“1. Perverting our nation and stirring up our people to rebellion.When Jesus heard these accusations, he well knew that he had not been heard on these matters before the Jewish court, and so did John Zebedee and his accusers, but he made no reply to their false charges. Even when Pilate bade him answer his accusers, he opened not his mouth. Pilate was so astonished at the unfairness of the whole proceeding and so impressed by Jesus’ silent and masterly bearing that he decided to take the prisoner inside the hall and examine him privately.
“2. Forbidding the people to pay tribute to Caesar.
“3. Calling himself the king of the Jews and teaching the founding of a new kingdom.”
Pilate took Jesus and John Zebedee into a private chamber, leaving the guards outside in the hall, and requesting the prisoner to sit down, he sat down by his side and asked several questions.
Pilate began his talk with Jesus by assuring him that he did not believe the first count against him: that he was a perverter of the nation and an inciter to rebellion.
Then he asked,
“Did you ever teach that tribute should be refused Caesar?”
Jesus, pointing to John, said, “Ask him or any other man who has heard my teaching.”
Then Pilate questioned John about this matter of tribute, and John testified concerning his Master’s teaching and explained that Jesus and his apostles paid taxes both to Caesar and to the temple.
When Pilate had questioned John, he said, “See that you tell no man that I talked with you.”
And John never did reveal this matter.
Pilate then turned around to question Jesus further, saying:
“And now about the third accusation against you, are you the king of the Jews?”
Since there was a tone of possibly sincere inquiry in Pilate’s voice, Jesus smiled on the procurator and said:
“Pilate, do you ask this for yourself, or do you take this question from these others, my accusers?”
Whereupon, in a tone of partial indignation, the governor answered:
“Am I a Jew? Your own people and the chief priests delivered you up and asked me to sentence you to death. I question the validity of their charges and am only trying to find out for myself what you have done. Tell me, have you said that you are the king of the Jews, and have you sought to found a new kingdom?”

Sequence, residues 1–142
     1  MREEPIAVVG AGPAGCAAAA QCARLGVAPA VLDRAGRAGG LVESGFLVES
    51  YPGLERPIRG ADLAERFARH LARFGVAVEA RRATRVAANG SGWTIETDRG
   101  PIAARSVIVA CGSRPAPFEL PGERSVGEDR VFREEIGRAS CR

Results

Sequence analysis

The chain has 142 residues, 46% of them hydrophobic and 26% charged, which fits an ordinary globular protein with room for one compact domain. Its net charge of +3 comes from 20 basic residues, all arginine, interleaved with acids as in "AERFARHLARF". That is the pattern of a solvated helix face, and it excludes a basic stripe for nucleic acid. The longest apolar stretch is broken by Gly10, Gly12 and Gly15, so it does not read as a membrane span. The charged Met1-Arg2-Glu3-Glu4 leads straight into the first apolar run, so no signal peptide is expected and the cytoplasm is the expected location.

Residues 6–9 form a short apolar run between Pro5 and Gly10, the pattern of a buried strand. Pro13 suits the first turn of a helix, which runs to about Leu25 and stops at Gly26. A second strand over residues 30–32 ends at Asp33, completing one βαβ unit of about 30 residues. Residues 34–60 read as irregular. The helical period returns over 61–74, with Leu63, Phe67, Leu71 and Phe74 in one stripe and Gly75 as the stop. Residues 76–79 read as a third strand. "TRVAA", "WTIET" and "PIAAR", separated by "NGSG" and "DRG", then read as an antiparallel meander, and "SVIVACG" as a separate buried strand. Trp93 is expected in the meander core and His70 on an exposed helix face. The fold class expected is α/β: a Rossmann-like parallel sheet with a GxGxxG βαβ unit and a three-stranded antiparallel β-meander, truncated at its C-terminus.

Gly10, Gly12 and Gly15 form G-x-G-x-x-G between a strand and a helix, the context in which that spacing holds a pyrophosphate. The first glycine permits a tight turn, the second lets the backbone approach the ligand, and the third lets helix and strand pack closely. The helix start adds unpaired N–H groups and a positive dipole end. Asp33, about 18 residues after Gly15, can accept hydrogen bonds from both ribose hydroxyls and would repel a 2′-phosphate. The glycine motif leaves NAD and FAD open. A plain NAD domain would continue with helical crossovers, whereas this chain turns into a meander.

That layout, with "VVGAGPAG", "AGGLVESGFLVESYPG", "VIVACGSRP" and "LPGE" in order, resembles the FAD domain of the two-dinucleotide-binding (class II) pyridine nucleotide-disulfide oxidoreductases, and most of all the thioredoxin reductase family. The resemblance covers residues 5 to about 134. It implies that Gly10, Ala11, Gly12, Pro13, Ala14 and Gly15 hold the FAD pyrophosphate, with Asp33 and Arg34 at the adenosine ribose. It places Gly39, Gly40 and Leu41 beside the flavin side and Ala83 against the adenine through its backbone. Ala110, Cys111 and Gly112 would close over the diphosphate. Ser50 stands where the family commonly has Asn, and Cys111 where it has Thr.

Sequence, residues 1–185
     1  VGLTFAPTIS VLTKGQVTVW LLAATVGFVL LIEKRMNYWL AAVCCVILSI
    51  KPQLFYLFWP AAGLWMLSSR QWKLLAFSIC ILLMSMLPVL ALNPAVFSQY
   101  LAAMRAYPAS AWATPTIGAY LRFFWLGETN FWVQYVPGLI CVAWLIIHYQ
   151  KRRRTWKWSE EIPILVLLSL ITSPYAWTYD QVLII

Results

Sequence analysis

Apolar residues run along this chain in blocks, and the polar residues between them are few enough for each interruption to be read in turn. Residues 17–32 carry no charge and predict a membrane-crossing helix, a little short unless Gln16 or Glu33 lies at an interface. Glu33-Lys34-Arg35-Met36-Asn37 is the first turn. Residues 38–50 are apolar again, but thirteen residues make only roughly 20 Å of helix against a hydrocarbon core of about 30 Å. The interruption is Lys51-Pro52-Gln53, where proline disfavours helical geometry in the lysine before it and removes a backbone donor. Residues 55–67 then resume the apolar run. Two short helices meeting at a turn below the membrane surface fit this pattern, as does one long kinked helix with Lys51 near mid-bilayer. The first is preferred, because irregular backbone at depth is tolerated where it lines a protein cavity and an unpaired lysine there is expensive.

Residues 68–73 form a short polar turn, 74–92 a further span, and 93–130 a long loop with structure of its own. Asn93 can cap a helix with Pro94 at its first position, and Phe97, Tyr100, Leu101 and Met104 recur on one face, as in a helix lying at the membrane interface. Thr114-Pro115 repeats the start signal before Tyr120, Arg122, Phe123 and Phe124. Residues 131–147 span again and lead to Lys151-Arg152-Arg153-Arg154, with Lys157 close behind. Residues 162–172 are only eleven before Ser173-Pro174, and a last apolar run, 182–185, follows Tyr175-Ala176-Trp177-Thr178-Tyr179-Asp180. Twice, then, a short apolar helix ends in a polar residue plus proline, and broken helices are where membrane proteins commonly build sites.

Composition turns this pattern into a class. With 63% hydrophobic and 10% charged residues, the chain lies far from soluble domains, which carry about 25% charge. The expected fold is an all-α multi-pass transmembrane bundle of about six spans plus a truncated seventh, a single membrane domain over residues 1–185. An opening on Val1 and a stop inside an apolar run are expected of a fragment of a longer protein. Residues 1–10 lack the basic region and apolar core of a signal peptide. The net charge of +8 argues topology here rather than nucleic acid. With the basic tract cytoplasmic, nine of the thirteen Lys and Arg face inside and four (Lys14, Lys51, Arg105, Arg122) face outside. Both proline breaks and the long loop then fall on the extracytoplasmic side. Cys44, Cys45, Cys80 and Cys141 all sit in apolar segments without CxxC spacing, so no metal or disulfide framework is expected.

Then said Jesus to Pilate:
“Do you not perceive that my kingdom is not of this world? If my kingdom were of this world, surely would my disciples fight that I should not be delivered into the hands of the Jews. My presence here before you in these bonds is sufficient to show all men that my kingdom is a spiritual dominion, even the brotherhood of men who, through faith and by love, have become the sons of God. And this salvation is for the gentile as well as for the Jew.”
“Then you are a king after all?” said Pilate.
And Jesus answered: “Yes, I am such a king, and my kingdom is the family of the faith sons of my Father who is in heaven. For this purpose was I born into this world, even that I should show my Father to all men and bear witness to the truth of God. And even now do I declare to you that every one who loves the truth hears my voice.”
Then said Pilate, half in ridicule and half in sincerity, “Truth, what is truth—who knows?”
Pilate was not able to fathom Jesus’ words, nor was he able to understand the nature of his spiritual kingdom, but he was now certain that the prisoner had done nothing worthy of death. One look at Jesus, face to face, was enough to convince even Pilate that this gentle and weary, but majestic and upright, man was no wild and dangerous revolutionary who aspired to establish himself on the temporal throne of Israel. Pilate thought he understood something of what Jesus meant when he called himself a king, for he was familiar with the teachings of the Stoics, who declared that “the wise man is king.” Pilate was thoroughly convinced that, instead of being a dangerous seditionmonger, Jesus was nothing more or less than a harmless visionary, an innocent fanatic.
After questioning the Master, Pilate went back to the chief priests and the accusers of Jesus and said:
“I have examined this man, and I find no fault in him. I do not think he is guilty of the charges you have made against him; I think he ought to be set free.”
And when the Jews heard this, they were moved with great anger, so much so that they wildly shouted that Jesus should die; and one of the Sanhedrists boldly stepped up by the side of Pilate, saying:
“This man stirs up the people, beginning in Galilee and continuing throughout all Judea. He is a mischief-maker and an evildoer. You will long regret it if you let this wicked man go free.”
Pilate was hard pressed to know what to do with Jesus; therefore, when he heard them say that he began his work in Galileem he thought to avoid the responsibility of deciding the case, at least to gain time for thought, by sending Jesus to appear before Herod, who was then in the city attending the Passover. Pilate also thought that this gesture would help to antidote some of the bitter feeling which had existed for some time between himself and Herod, due to numerous misunderstandings over matters of jurisdiction.
Pilate, calling the guards, said:
“This man is a Galilean. Take him forthwith to Herod, and when he has examined him, report his findings to me.”
And they took Jesus to Herod.